Visiting the Dayton Art Institute

In August,  I visited the Dayton Art Institute for the very first time. There was a general admission fee to the museum as well as a fee for the current exhibit –  The Antartic Sublime & Elements of Nature: Water.  

Unfortunately, I have sad news.  The Antartic Sublime exhibit was disorganized and underwhelming. My reasons for these criticisms are: first, there weren’t many pieces to the exhibit as compared to other exhibits I’ve seen recently (such as  30 Americans in Cincinnati or The Great War Experimentation and Change in Columbus); and second, there was a physical sense of disjointedness to the exhibit. Unlike normal exhibition spaces  -where the rooms sort of flow together cohesively in a loose maze as you walk through them- the Antartic Sublime was shown in three separate rooms on two different floors of the museum. The combination of these factors created a negative experience for me with this exhibit.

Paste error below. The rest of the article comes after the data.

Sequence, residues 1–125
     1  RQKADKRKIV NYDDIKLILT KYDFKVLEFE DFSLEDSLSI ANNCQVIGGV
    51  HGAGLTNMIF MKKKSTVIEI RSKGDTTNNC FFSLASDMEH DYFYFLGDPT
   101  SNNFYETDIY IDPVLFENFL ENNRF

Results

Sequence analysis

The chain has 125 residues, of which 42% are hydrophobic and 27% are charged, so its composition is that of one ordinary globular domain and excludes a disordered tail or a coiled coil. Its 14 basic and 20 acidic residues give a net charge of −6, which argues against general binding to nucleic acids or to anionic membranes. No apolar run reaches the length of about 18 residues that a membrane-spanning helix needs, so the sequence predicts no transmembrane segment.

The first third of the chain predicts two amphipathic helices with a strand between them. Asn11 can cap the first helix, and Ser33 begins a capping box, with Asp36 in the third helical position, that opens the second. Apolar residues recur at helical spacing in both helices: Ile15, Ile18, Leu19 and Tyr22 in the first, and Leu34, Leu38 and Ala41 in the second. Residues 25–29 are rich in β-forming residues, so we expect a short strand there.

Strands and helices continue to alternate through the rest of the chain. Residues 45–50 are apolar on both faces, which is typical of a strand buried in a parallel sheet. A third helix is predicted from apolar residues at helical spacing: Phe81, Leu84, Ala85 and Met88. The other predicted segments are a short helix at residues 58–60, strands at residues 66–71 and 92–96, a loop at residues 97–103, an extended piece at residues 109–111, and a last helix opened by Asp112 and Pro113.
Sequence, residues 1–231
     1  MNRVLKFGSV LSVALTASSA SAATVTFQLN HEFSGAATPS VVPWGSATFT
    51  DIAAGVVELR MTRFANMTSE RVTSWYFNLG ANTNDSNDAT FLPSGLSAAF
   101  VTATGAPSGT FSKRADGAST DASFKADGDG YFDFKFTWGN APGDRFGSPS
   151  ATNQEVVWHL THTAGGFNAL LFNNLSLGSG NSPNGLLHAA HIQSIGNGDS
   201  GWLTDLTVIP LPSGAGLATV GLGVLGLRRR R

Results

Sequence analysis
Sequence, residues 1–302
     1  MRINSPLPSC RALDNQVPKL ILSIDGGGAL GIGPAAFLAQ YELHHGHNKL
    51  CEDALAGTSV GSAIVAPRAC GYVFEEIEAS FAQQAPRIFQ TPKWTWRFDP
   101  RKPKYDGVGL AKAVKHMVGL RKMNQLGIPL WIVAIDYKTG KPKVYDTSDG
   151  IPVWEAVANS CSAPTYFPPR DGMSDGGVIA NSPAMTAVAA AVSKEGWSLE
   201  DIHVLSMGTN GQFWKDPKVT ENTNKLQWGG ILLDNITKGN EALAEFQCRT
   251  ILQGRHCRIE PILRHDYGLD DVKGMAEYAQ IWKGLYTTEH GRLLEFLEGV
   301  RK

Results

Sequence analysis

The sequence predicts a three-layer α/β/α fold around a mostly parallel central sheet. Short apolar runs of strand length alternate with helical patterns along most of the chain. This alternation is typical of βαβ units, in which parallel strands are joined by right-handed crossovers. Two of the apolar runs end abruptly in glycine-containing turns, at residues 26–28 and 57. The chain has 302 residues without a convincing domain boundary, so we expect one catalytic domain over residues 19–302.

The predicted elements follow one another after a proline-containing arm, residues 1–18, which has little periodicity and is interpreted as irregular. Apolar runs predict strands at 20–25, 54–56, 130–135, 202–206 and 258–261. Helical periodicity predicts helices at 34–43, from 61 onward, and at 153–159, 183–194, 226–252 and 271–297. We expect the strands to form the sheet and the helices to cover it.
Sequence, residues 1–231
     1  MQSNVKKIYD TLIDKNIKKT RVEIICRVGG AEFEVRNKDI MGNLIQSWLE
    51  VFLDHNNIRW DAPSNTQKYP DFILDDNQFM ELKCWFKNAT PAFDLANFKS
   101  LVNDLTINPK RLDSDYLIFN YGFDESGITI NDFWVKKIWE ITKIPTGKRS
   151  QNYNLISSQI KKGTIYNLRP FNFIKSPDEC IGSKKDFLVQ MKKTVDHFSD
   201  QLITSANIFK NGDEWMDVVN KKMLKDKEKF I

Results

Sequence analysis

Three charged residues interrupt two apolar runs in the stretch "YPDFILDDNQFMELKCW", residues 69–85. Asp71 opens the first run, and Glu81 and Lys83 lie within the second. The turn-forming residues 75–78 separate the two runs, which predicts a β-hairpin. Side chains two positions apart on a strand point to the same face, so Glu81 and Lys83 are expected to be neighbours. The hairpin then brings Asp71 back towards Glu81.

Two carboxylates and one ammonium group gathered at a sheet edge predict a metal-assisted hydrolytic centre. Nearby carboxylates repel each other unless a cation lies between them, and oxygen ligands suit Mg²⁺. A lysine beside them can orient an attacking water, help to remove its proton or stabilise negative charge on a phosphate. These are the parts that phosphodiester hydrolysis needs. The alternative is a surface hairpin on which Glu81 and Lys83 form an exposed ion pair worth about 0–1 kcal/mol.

Even though their Antartic exhibit was disappointing,  the permanent collection at the Dayton Art Institute and the museum  itself was quite impressive. It’s a beautiful old building  with an extensive Asian Art and Oceanic collection, decorative arts collection and numerous other ambitious pieces. Shown below are some of the main features from the museum.

 

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Alison Saar’s Lost and Found (2003) [Painting on wall, behind Saar’s work, is by artist Janet Fish]

 

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Pat Steir’s Border Lord (1972)

 

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Dwindell Grant’s Red Circle (1938)

 

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Bodhisattva Guanyin – Chinese, 11th century

 

Amida Buddha – Japanese, 13th Century

 

Elephant Mask Costume – Bamileke people, 20th century